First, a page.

I don't know why you would say that Rand fanatics would go nuts. If you have read Atlas Shrugged, you have pretty much described Galts Gultch. You know, that place where all the wealthy entrepenuers were disappearing to. To live off the grid, with the exception of creating their own devices for power, and growing their own food, etc. They weren't beholden to anybody but the community that they lived in.

The problem I see here is as you say it, The banks. They'd rather bleed money than lose a asset. Maybe it could work though if a Homeowners Association would implement it. Not only would the homeowners have to pay HOA fees, but those who are living there would also have to tend the crops, cut the grass and help with upkeep. The HOA fees can go to help buy seed, or things for maintenance or even help someone in need within the HOA. (All this pretty much goes against everything your standard HOA is though.)



posted on Dec, 17 2013 @ 11:57 AM
link   

thisguyrighthere

butcherguy
You are talking about the government giving people something that has a permanent tangible value (land)?

I can't see that passing Congress today.


To be fair the government never really gives land to anyone. Nor do they really sell it.

The best anyone can hope for is long-term renting via property tax.

So the government giving you a never ending tax liability that they'll shoot you for not paying, I can totally see that happening.

You are right.
If you sell the property for a profit, they tax that. If you die intestate, they take it.

And here is a big one... if someone wants to build a Walmart on your property, they will kick you out (even if you paid your taxes) and give it to the entity that will pay higher taxes on it.



posted on Dec, 17 2013 @ 12:06 PM
link   
reply to post by TDawgRex
 


It's refreshing to see someone other than myself recognize Galt's Gulch in that way. You recognize the similarity here, but still many Ayn Rand fans would call my concept communist. The simple fact is that if you replace Rand's fetishized gold coinage with something called a "work credit" or "productivity unit" the Gulch would look a lot more like a commune. Communism and Capitalism work almost identically when you have a 100% competent and skilled population.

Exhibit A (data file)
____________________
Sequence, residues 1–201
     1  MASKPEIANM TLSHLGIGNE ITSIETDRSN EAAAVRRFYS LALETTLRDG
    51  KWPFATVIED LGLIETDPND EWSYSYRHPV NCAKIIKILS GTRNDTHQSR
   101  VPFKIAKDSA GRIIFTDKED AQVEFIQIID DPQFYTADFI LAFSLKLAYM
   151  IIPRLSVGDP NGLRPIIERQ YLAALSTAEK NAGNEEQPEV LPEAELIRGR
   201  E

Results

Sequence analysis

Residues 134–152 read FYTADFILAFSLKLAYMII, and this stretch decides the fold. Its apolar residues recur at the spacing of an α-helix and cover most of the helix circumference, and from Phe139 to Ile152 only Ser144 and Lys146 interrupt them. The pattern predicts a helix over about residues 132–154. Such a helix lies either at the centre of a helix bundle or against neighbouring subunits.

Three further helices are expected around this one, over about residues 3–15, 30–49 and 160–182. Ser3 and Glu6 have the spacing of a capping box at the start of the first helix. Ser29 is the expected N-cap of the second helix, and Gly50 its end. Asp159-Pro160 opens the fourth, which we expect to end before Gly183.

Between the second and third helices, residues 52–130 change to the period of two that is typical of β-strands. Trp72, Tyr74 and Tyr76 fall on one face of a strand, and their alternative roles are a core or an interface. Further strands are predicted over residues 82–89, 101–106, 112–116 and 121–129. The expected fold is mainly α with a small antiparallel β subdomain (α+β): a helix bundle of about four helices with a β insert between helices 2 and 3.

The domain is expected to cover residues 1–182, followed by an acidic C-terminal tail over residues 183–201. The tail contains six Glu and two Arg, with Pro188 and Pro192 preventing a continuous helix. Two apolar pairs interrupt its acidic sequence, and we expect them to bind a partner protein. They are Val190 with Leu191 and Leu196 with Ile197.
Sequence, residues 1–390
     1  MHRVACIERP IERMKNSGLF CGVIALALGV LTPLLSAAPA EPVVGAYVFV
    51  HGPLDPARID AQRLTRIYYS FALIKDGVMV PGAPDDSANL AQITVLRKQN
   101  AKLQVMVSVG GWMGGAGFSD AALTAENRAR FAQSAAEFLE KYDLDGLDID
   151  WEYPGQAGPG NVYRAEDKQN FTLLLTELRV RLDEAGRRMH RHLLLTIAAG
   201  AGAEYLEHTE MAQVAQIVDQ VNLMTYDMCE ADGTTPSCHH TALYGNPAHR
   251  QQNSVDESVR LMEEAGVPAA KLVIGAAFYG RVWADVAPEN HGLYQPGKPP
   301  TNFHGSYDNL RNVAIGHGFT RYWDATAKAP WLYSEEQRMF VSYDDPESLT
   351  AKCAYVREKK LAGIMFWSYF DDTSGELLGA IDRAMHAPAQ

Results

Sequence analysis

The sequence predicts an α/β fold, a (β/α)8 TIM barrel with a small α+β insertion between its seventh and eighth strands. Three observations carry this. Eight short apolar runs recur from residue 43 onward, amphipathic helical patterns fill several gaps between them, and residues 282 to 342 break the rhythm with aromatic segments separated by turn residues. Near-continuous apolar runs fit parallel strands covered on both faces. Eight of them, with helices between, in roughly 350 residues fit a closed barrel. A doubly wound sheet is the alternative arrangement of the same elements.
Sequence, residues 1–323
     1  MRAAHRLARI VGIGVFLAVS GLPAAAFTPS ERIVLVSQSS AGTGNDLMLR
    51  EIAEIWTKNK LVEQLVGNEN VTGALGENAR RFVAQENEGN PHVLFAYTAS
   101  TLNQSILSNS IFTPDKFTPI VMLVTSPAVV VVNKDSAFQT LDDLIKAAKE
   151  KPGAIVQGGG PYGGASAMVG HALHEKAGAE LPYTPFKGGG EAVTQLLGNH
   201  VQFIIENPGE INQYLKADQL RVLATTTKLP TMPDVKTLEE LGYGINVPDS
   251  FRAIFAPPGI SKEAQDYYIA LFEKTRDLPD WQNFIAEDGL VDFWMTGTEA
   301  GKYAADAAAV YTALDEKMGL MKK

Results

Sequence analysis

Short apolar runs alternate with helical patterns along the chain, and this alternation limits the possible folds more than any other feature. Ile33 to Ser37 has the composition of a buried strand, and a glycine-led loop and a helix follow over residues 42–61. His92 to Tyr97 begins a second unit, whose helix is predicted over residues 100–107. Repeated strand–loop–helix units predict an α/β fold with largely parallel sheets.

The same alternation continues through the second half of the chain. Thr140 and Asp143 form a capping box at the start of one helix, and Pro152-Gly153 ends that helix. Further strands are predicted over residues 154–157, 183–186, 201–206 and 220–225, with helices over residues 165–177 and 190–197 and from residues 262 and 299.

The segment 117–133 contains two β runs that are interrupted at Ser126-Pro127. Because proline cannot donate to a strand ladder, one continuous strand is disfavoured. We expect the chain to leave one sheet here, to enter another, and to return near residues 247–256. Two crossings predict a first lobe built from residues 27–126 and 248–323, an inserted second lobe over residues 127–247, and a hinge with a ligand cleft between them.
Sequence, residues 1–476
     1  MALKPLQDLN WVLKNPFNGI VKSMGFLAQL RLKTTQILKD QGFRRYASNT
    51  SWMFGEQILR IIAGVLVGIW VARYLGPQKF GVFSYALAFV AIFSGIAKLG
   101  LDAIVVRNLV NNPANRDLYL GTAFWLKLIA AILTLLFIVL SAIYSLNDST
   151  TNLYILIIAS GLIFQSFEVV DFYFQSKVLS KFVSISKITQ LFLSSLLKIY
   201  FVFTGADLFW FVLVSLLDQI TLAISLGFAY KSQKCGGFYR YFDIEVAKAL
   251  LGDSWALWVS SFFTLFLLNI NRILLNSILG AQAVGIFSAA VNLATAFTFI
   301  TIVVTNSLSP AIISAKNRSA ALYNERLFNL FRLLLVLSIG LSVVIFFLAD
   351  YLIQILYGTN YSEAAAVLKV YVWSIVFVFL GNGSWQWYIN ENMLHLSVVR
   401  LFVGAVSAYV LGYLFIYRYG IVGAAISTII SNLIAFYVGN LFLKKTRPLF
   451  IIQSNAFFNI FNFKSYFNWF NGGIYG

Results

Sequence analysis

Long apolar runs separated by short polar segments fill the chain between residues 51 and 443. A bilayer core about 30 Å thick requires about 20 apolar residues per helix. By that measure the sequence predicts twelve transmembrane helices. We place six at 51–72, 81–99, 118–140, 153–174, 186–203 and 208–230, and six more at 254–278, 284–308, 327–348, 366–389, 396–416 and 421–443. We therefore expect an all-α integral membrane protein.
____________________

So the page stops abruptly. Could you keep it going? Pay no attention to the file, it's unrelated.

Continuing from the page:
I'm describing Galt's Gulch with the exception that ANYONE would be allowed in, so to speak. Most of the Ayn Rand acolytes I deal with fancy themselves to be Henry Rearden when they're more realistically comparable to James Taggart. They also tend to think that the majority of people are less deserving of a break than they are since they identify so closely with Rand's great men.



posted on Dec, 17 2013 @ 12:08 PM
link   
reply to post by TDawgRex
 


HOAs are evil incarnate, by the way. Why anyone would allow themselves to be subject to their caprices is beyond my understanding. An HOA is an automatic dealbreaker for me when looking at homes.



posted on Dec, 17 2013 @ 12:16 PM
link   
The big hurtle for this is the government, the government levies taxes on utilities so its in its best interest to force people to have electric, water, gas, ect. You need to be free of zoning and building codes/permits.

In a world that makes sense this would be a great idea.



posted on Dec, 17 2013 @ 12:28 PM
link   

RobertAntonWeishaupt
reply to post by TDawgRex
 


HOAs are evil incarnate, by the way. Why anyone would allow themselves to be subject to their caprices is beyond my understanding. An HOA is an automatic dealbreaker for me when looking at homes.


What I descibed is basically a anti-HOA, but with HOA requirements. LOL

I would never buy into a HOA. I'll be damned if anybody tells me what size Dawg I can have or color of house...etc, etc.

I really have no problem with living within a commune either, as long as everybody does what they can in a effort to help the whole. Laziness is not allowed. I've often described myself in a humorous manner as a Hard-nosed, grumpy, hippie. I think that they used to call them Farmers back in the day. LOL





new topics

top topics



 
7

log in

join